When the price is one dollar and twentyfive cents, fifty
cents, or any number found in the table, the result may be
quickly found by finding the price for the extra cents, as in
the above examples, and then adding this to the number of
pounds or yards and calling the result dollars.
Example. Find the cost of 20 bushels potatoes at
$1.121/2 per bushel.
8 
) 
2 
0 
0 
0 



2 
5 
0 

_ 
_ 
_ 
_ 
_ 
$ 
2 
2 
. 
5 
0 
If the price is $2 or $3 instead of $1, then the number of
bushels must first be multiplied by 2 or 3, as the case may
be.
Example. Find the cost of 6 hats at $4.331/3
apiece.
3 
) 
6 
0 
0 



4 



_ 
_ 
_ 
_ 
_ 
_ 

2 
4 
. 
0 
0 


2 
. 
0 
0 
_ 
_ 
_ 
_ 
_ 
_ 
$ 
2 
6 



When 125 or 250 are multipliers add three ciphers and divide
by 8 and 4 respectively.
To multiply a number consisting of two figures by 11, write
the sum of the two figures between them.
Example. Multiply 53 by 11. Ans. 583.
If the sum of the two numbers exceeds 10 then the units only
must be placed between and the tens figure carried and added to
the next figure to the left.
Example. Multiply 87 by 11. Ans. 957.
FRACTIONS.
Fractional parts of a cent should never be despised. They
often make fortunes, and the counting of all the fractions may
constitute the difference between the rich and the poor man.
The business man readily understands the value of the
fractional part of a bushel, yard, pound, or cent, and
calculates them very sharply, for in them lies perhaps his
entire profit.
TO REDUCE A FRACTION TO ITS SIMPLEST FORM.
Divide both the numerator and denominator by any number that
will leave no remainder and repeat the operation until no
number will divide them both.
Example. The simplest form of 36/45 is found by
dividing by 9 = 4/5.
To reduce a whole number and a fraction, as 41/2, to
fractional form, multiply the whole number by the denominator,
add the numerator and write the result over the denominator.
Thus, 4 X 2 = 8 + = 9 placed over 2 is 9/2.
TO ADD FRACTIONS.
Reduce the fractions to like denominators, add their
numerators and write the denominator under the result.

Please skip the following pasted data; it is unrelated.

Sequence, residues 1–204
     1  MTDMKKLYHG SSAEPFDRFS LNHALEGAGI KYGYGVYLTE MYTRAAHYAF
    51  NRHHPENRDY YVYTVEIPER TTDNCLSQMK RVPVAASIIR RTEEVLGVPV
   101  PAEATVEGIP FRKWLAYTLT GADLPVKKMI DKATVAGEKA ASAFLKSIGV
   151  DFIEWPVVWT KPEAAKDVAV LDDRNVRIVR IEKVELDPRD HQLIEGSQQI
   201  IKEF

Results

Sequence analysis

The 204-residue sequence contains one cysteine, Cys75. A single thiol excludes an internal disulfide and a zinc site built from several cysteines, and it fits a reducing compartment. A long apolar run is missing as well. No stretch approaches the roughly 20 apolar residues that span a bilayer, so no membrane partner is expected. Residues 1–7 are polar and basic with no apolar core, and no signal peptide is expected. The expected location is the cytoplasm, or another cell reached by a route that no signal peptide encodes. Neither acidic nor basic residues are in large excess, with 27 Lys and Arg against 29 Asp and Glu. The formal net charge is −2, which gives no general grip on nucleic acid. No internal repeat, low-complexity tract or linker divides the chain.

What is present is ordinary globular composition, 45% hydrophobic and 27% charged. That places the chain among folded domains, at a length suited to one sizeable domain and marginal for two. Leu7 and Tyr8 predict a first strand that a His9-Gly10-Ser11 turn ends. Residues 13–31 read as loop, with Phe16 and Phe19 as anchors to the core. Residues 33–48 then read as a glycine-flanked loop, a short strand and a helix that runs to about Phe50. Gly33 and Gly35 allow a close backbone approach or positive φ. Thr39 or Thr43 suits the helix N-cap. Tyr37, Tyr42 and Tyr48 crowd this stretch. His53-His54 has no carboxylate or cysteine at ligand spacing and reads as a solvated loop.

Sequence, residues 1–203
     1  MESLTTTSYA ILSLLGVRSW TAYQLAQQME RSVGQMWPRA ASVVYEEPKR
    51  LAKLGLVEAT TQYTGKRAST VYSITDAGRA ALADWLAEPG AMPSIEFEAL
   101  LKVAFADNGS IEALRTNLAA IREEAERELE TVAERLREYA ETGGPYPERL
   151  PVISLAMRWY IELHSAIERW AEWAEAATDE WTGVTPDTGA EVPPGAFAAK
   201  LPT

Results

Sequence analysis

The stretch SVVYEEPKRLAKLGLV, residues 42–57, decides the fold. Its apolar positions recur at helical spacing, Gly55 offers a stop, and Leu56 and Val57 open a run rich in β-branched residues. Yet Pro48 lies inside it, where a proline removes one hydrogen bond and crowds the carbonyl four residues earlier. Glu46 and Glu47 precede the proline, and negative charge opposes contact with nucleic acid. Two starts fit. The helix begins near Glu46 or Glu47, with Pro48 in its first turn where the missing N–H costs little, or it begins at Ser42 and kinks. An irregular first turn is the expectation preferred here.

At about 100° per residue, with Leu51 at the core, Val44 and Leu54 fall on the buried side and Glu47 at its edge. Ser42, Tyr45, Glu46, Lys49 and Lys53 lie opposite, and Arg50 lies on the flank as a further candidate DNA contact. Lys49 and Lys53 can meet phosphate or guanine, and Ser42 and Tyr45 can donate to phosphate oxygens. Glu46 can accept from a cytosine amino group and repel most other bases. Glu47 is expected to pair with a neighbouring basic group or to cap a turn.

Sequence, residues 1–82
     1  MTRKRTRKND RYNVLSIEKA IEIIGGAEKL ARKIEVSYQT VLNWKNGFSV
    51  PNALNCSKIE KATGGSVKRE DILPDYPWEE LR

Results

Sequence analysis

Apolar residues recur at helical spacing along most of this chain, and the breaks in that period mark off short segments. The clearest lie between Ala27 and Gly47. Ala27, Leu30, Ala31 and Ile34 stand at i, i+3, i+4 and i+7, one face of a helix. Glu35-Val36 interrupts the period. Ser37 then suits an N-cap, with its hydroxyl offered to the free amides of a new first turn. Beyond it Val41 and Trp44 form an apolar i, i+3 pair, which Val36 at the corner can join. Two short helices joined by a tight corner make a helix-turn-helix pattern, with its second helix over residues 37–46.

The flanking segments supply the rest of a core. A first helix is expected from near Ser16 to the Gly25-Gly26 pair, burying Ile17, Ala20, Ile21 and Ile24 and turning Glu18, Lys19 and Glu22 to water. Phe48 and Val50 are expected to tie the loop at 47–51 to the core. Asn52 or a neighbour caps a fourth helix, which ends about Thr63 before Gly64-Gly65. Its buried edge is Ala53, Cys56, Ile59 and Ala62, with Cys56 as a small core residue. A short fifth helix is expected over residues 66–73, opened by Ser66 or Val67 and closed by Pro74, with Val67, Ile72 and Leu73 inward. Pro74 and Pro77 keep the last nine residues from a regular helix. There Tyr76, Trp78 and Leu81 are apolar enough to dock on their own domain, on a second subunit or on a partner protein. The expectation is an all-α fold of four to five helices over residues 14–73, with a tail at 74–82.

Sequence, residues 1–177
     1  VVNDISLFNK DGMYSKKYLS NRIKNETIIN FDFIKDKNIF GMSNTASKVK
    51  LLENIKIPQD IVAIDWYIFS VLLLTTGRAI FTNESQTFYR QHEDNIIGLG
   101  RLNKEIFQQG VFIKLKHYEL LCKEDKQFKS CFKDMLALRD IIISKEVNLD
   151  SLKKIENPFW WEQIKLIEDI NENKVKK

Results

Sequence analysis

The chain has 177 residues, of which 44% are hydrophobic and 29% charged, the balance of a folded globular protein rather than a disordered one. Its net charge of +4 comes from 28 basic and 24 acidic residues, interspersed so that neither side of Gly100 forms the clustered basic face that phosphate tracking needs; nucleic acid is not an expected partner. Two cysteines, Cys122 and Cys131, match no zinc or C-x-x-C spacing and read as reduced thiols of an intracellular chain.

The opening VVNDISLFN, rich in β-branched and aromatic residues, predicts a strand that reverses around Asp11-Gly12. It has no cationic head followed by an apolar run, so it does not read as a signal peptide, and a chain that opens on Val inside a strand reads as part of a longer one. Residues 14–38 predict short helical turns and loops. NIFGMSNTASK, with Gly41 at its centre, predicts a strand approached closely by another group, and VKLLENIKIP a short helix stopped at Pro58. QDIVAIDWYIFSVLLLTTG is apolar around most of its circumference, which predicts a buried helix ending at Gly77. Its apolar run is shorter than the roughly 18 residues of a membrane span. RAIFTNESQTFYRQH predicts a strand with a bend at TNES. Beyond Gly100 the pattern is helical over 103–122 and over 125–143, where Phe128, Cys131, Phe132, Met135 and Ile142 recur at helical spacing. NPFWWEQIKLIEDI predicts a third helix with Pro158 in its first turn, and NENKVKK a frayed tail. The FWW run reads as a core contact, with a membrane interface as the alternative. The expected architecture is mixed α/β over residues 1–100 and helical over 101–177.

Example. Add 2/3 to 3/4.
2/3 = 8/12, 3/4 = 9/12, 8/12 + 9/12 = 17/12 = 15/12.
Ans.
TO SUBTRACT FRACTIONS.
Reduce the fractions to like denominators, subtract the
numerators and write the denominators under the result.
Example. Find the difference between 4/5 and 3/4.
4/5 = 16/20, 3/4 = 15/20, 16/20  15/20 = 1/20. Ans.
TO MULTIPLY FRACTIONS.
Multiply the numerators together for a new numerator and the
denominators together for a new denominator.
Example. Multiply 7/8 by 5/6.
7/8 x 5/6 = 35/48. Ans.
TO DIVIDE FRACTIONS.
Multiply the dividend by the divisor inverted.
Example. Divide 7/8 by 5/6.
7/8 X 6/5 = 42/40. Reduced to simple form by dividing by 2
is 21/20 = 11/20.
Ans.
TO MULTIPLY MIXED NUMBERS.
When two numbers are to be multiplied, one of which contains
a fraction, first multiply the whole numbers together, then
multiply the fraction by the other whole number, add the two
results together for the correct answer.
Example. What cost 51/3 yards at 18c a yard?









1 
8 
c 













5 
 
1 
/ 
3 







_ 
_ 
_ 
_ 
_ 
_ 
1 
8 
x 
5 




= 
9 
0 




1 
8 
x 


1 
/ 
3 
= 

6 











_ 
_ 
_ 
_ 
_ 
_ 









9 
6 
c 



When both numbers contain a fraction,
First, multiply the whole numbers together,
Second, multiply the, lower whole number by the upper
fraction;
Third, multiply the upper whole number by the lower
fraction;
Fourth, multiply the fractions together;
Fifth, add all the results for the correct answer.
Example. What cost 122/3 pounds of butter at 183/4c
per pound?















1 
8 
 
3 
/ 
4 















1 
2 
 
2 
/ 
3 













_ 
_ 
_ 
_ 
_ 
_ 
_ 
_ 






1 
8 
x 

1 
2 
= 

2 
1 
6 










1 
2 
x 
3 
/ 
4 
= 



9 










1 
8 
x 
2 
/ 
3 
= 


1 
2 




3 
/ 
4 
x 
2 
/ 
3 
= 
6 
/ 
1 
2 
= 





1 
/ 
2 













_ 
_ 
_ 
_ 
_ 
_ 
_ 
_ 












$ 
2 
. 
3 
7 
 
1 
/ 
2 
Common fractions may often be changed to decimals very
readily, and the calculations thereby made much easier.
TO CHANGE COMMON FRACTIONS TO DECIMALS.
Annex one or more ciphers to the numerator and divide by the
denominator.
Example. Change 3/4 to a decimal. Ans..75.
We add two ciphers to the 3, making it 300, and divide by 4,
which gives us.75. In the same way 1/2 =.5, or 3/4 =.75, and so
on. When a quantity is in dollars and fractions of a dollar,
the fractions should always be thus reduced to cents and
mills.